Beginning in September, 2004, routine monitoring for DSA was initiated, beginning 1 and 3 months after transplantation, 1 and 3 months after any major change (i.e., consolidation or spaced weaning), and every 3 months chronically. A combination of enzyme-linked immunosorbent assay (ELISA) and Luminex methods was used for the detection and specificity analysis of donor-specific anti-HLA antibodies (DSA). We used commercial LATM, LAT1288, LAT1HD, and LAT240 ELISA kits (One Lambda, Canoga Park, CA), in accordance with the manufacturer’s instructions, to identify IgG anti-HLA class I- and class II-specific antibodies independently. Briefly, diluents, control serum, or patients’ samples were added to plates coated with purified class I or class II HLA antigens. The plates were incubated for 60 min, followed by the addition of enzyme-conjugated anti-IgG secondary antibody. After 40 min, substrate was added, the trays were incubated for 10 to 15 min, and the reactions were stopped. Anti-HLA IgG antibodies were measured indirectly, by a second enzyme-linked colorimetric reaction, and assays were read at 630 nm using an ELISA reader (ELX 800NB, Bio-Tek Instruments, Inc., Winooski, VT, and One Lambda computer software). The positive cutoff was calculated as 10% of average positive IgG control (10).

The Luminex system (One Lambda) is a multiplexed microsphere-based suspension array platform capable of analyzing and reporting up to 100 different reactions in a single reaction vessel (11). The serum is first incubated with LABScreen beads. Any anti-HLA antibodies present in the serum bind to the antigens and then are labeled with R-phycoerythrin-conjugated goat anti-human IgG. The Labscan 100 flow analyzer detects the fluorescent emission of R-phycoerythrin from each bead, allowing real-time data acquisition. We used LSM12 beads for the detection of class I and class II anti-HLA antibody, LS1PRA and LS2PRA for specificity analysis, and LS1A/LS2A for single-antigen analysis. We applied the manufacturer’s positive cutoff for LABScreen, the normalized background ratio, which is considered positive when greater than 15%.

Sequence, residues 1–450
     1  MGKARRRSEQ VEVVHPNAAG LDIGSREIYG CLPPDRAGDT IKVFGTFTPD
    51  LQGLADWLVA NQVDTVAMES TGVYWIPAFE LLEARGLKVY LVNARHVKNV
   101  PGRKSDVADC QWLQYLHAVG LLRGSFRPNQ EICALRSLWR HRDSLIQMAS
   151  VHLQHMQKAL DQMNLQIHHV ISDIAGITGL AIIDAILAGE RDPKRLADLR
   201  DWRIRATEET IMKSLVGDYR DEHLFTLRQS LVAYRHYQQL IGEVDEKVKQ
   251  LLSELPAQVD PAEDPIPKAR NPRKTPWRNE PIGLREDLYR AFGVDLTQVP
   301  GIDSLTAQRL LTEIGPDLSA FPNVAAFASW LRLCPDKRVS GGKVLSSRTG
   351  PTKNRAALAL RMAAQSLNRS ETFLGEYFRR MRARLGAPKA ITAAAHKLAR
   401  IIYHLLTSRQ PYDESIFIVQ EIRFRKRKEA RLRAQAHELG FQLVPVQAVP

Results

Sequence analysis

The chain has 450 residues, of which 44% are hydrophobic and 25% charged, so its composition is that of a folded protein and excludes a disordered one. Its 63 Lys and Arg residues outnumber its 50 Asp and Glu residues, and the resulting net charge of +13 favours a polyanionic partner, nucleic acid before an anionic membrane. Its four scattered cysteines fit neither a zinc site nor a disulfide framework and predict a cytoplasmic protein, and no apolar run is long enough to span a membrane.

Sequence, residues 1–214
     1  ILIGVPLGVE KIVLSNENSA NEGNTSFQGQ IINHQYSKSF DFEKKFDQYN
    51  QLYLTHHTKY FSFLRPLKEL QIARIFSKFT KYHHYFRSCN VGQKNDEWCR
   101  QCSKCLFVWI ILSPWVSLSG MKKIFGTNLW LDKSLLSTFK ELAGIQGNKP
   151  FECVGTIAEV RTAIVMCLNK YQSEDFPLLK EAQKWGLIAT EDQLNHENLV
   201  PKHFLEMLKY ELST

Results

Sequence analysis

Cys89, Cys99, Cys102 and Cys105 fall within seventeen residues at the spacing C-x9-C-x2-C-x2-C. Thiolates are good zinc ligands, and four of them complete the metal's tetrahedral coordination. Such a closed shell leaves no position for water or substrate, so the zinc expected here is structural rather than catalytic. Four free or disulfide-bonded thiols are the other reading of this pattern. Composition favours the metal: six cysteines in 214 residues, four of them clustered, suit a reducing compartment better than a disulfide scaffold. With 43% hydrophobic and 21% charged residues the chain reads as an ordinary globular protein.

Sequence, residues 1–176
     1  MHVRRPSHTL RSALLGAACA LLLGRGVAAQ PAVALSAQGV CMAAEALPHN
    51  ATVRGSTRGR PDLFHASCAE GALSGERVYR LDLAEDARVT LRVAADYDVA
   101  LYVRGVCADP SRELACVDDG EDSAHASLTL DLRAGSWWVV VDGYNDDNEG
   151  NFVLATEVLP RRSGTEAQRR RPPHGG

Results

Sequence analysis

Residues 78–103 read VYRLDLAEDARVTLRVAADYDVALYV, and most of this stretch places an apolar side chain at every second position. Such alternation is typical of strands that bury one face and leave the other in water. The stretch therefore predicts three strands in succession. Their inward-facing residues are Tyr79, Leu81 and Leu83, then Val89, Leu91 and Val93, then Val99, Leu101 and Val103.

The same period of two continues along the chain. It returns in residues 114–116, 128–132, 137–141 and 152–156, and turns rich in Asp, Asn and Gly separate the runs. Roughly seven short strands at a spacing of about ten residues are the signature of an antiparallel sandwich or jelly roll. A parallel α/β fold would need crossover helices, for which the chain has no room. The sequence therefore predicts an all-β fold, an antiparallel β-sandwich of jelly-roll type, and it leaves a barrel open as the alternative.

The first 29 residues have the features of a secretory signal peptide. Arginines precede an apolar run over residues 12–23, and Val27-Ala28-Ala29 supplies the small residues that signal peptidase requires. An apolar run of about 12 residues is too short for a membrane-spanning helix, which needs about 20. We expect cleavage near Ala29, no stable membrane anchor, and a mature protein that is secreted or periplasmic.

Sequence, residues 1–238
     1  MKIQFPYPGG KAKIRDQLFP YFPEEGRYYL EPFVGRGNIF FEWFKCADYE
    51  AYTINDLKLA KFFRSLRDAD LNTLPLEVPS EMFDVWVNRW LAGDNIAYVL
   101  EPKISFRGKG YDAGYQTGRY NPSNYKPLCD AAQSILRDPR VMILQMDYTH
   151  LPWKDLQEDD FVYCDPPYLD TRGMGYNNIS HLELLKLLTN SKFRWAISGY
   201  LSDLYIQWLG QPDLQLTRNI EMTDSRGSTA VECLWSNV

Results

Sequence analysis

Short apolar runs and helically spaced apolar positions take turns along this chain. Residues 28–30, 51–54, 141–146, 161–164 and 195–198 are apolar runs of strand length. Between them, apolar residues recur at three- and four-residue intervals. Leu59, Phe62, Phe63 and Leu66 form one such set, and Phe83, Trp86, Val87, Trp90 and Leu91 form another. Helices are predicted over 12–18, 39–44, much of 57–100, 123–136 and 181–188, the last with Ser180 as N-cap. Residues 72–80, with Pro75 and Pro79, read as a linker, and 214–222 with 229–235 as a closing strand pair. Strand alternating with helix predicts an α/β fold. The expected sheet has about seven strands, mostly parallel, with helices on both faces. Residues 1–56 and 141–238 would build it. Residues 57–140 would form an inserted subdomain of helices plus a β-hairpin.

Patients with class I and class II ELISA screens less than 10% were generally assumed not to have DSA; in patients with ELISA less than 10%, further analysis was performed to look for DSA. Although it is possible that patients with ELISA screens less than 10% might have had low level DSA by more sensitive testing (i.e., Luminex), this testing was initially not available to our laboratory at the time, and began to be used only in the last 16 months. In patients on spaced weaning who developed a de novo DSA, weaning was abandoned, and patients were taken back to once daily tacrolimus. If the DSA did not disappear over the next few months, mycophenolate mofetil 250 to 500 mg twice daily was added to the immunosuppressive regimen. In patients on once daily tacrolimus, the development of DSA would preclude any attempt at spaced weaning, and would generally lead to an increase in immunosuppression to twice daily tacrolimus, with or without the addition of mycophenolate mofetil.

Rejection was biopsy proven more than 95% of the time. Acute rejection was treated initially with steroids and an adjustment of the tacrolimus dosage. Steroid resistant rejection was treated with antibody therapy, either additional alemtuzumab, thymoglobulin, or OKT3, and the addition of mycophenolate mofetil or sirolimus. Antibody-mediated rejection was treated with plasmapheresis/IVIg, and an adjustment in the tacrolimus dosage, with or without the addition of mycophenolate mofetil or sirolimus. In patients on spaced weaning with acute rejection, the tacrolimus dosage was converted back to once daily, in addition to the other therapies just described.

In the reference group, immunosuppression was generally with tacrolimus, mycophenolate mofetil, and steroids, without antibody induction. Occasional patients received sirolimus instead of mycophenolate mofetil as part of a pilot trial. The diagnosis and treatment of acute rejection was carried out as described above.

Statistics

This study was conducted as a retrospective medical records review, and data were managed under the auspices of our institutional review board-authorized honest brokering system. Categorical data were expressed as frequency and percentages. Nonparametric variables were expressed as mean value and standard deviation.

Institutional Oversight

This immunosuppressive regimen, which was used as the standard of care for our patients, was approved by the Innovative Clinical Practice Committee and the Pharmacy and Therapeutics Committee of the University of Pittsburgh Medical Center (12). Data analysis was performed under an institutional review board-approved protocol. Institutional support was always present throughout this time period.

RESULTS

The mean follow-up was 34±6 months in the alemtuzumab preconditioning patients, and 67±5 months in the reference group.

Patient and Graft Survival

Overall 1- and 2-year patient and graft survival rates in the preconditioning group were 97% and 94%, and 94% and 87%, respectively (Fig. 1a). Corresponding survival rates in the reference group were 95% and 91%, and 89% and 81%, respectively. In general, outcomes in the preconditioning patients were at least as good, and perhaps slightly better than in the reference group. Subgroup analyses of graft survival in the preconditioning group were performed in living versus deceased donor cases, primary versus retransplantation, African Americans versus non-African Americans, recipients with PRA levels more than or equal to 20% or less than 20%, and 0 to 6 antigen mismatch cases, and are shown in Table 2.